Protecting land in Washoe Valley: Item 19. The Board received confirmation that nearly 2,000 acres of land in Washoe Valley known as Winters Ranch has been officially preserved for public open space through a transfer to federal ownership under the Bureau of Land Management (BLM) Jan. 17, 2014. “It has been a 15-year effort to acquire the historic Winters Ranch lands which lie between Washoe Lake and Davis Creek, and Bowers Mansion Park to the west,” said Planning and Development Division Director Bill Whitney. “The land includes the forested hills above those parks and large areas of pastureland on both sides of the freeway with water from creeks and springs to keep it irrigated.” Whitney said the Nevada Land Trust headed up the multi-agency effort and coordinated with all the partners involved in the preservation of the large historic ranch where Mark Twain once stayed. Other partners include the Bureau of Land Management, the United States Forest Service, Nevada Department of Wildlife, Washoe County Commission and multitudes of local residents who supported the preservation of this open space in Washoe Valley. “The land is now protected and that makes a lot of people throughout the County happy,” said Chairman David Humke.

Animal Services extends free microchip campaign: Item 9.G.4. Commissioners approved a two-year extension of the County’s Regional Animal Services highly successful free microchipping campaign. Washoe County pet owners may now microchip their pets for free at Animal Services through January 2016.  “The campaign was an enormous success,” Animal Services Director Barry Brode said. “We exceeded our goal by well over 2,000 pets and decided it would be in the best interest of our community to continue offering free microchips for another two years. We encourage all pet owners, even those who think their pets never leave home, to take advantage of this free service.” Brode also said in many cases missing and lost pets that are microchipped are returned to their homes without ever having to be brought to the shelter, therefore reducing stress for the pet and the family. For more information please visit www.washoeanimals.com.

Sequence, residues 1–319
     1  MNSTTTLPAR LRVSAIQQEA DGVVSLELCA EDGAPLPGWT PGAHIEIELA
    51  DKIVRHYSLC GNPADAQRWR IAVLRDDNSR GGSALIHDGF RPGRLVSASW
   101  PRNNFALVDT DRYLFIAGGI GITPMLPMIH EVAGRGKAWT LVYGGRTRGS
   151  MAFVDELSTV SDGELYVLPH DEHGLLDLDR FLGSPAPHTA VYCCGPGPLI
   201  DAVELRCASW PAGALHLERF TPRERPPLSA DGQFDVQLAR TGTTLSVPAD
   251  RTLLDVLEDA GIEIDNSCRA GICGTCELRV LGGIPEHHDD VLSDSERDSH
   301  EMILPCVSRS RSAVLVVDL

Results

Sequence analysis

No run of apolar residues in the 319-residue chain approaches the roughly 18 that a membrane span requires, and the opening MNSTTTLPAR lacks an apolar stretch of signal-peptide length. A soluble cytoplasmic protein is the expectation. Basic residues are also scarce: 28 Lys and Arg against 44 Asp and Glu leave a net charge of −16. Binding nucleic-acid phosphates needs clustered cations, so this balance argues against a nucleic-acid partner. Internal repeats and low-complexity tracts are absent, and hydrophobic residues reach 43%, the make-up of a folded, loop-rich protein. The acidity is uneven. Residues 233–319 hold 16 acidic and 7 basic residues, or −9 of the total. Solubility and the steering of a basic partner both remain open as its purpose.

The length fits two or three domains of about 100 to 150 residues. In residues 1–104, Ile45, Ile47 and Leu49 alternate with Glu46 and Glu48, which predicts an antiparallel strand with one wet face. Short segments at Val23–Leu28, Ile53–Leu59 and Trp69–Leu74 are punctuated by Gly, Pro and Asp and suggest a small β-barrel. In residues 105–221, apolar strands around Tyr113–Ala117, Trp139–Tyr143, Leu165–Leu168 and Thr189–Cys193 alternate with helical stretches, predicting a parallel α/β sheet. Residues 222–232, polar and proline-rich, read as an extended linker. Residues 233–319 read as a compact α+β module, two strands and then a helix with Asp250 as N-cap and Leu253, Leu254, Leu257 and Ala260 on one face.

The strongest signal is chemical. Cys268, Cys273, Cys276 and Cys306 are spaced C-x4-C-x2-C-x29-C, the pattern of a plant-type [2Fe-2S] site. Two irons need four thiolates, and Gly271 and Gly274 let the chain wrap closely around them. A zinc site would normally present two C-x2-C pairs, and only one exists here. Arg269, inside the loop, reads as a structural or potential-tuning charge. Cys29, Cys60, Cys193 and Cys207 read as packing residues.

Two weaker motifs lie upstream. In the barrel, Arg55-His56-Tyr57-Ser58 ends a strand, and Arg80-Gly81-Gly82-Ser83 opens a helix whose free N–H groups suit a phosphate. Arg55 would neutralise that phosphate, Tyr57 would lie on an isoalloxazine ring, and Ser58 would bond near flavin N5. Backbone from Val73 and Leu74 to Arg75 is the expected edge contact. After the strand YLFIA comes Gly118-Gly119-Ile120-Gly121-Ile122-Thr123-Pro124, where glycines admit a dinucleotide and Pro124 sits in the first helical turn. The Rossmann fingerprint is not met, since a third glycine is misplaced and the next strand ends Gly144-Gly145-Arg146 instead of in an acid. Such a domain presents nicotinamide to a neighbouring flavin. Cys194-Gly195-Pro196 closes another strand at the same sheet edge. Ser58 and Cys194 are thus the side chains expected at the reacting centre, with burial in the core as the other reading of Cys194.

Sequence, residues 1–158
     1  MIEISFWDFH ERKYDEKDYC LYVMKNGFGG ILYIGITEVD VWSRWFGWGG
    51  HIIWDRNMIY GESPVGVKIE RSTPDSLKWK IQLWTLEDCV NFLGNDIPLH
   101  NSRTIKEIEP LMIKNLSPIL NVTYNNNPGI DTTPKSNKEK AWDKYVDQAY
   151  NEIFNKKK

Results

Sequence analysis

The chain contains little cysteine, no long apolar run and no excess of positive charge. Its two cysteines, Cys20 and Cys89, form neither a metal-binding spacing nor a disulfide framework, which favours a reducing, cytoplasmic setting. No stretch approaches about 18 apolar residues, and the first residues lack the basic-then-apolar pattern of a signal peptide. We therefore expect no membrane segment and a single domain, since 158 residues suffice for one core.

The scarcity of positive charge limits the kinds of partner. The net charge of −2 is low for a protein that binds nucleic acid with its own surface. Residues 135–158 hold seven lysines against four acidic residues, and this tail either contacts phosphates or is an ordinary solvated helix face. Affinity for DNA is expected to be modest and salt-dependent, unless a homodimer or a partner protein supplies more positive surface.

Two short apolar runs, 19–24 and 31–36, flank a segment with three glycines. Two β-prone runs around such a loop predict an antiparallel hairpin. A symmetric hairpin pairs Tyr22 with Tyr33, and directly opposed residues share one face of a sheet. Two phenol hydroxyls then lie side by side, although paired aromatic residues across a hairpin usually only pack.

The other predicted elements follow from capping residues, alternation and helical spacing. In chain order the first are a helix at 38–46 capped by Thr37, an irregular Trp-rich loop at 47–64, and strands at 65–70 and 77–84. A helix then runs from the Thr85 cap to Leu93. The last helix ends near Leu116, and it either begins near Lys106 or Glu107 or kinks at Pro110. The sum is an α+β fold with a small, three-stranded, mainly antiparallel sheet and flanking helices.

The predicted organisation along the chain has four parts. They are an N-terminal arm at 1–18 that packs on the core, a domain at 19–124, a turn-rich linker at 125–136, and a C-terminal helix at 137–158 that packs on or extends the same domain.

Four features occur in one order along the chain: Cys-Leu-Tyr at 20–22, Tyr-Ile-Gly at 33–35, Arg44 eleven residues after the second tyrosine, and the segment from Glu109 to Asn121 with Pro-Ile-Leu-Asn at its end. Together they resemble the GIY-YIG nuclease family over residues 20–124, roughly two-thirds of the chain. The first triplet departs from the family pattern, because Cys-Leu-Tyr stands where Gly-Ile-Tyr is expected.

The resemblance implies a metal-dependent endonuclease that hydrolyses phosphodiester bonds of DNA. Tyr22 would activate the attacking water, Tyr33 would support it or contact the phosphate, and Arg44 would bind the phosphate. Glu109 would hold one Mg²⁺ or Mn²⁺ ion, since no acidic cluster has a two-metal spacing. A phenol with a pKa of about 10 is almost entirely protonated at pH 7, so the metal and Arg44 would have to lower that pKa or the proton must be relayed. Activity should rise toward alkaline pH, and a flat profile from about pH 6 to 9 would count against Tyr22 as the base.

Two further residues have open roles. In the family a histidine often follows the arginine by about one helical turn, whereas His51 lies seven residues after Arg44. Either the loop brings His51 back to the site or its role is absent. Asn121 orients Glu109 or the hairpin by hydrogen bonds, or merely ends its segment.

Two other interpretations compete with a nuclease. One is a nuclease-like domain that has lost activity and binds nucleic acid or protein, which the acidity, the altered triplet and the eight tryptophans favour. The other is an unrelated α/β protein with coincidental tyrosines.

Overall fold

Reconveyance and sale of Sky Ranch Park: Items 15 & 16. Commissioners approved a Reconveyance and Sale Agreement for Sky Ranch Park in Spanish Springs to Pyramid Urban Achievers, LLC. The Park consists of two parcels: one was dedicated to Washoe County, and the other purchased by Washoe County in 1982. Since then, the population in Spanish Springs has grown tremendously, transforming this former rural community into a densely-populated urban area. Washoe County has since constructed four additional parks (Eagle Canyon, Lazy 5, Desert Winds, and Gator Swamp) in Spanish Springs to accommodate the growth and to meet the recreational needs of the community. Sky Ranch Park is primarily used for youth sports which are not compatible with the busy intersection, and with numerous budget reductions the County no longer has the staff or financial resources to maintain the property. Pyramid Urban Achievers anticipates future redevelopment or economic development pursuits on the parkland. While the property transaction could take up to one year based on the terms of the agreement, no athletic groups will be displaced as part of the property transfer.  All proceeds from the sale will go back into Park District 2C for further park development in the Spanish Springs community.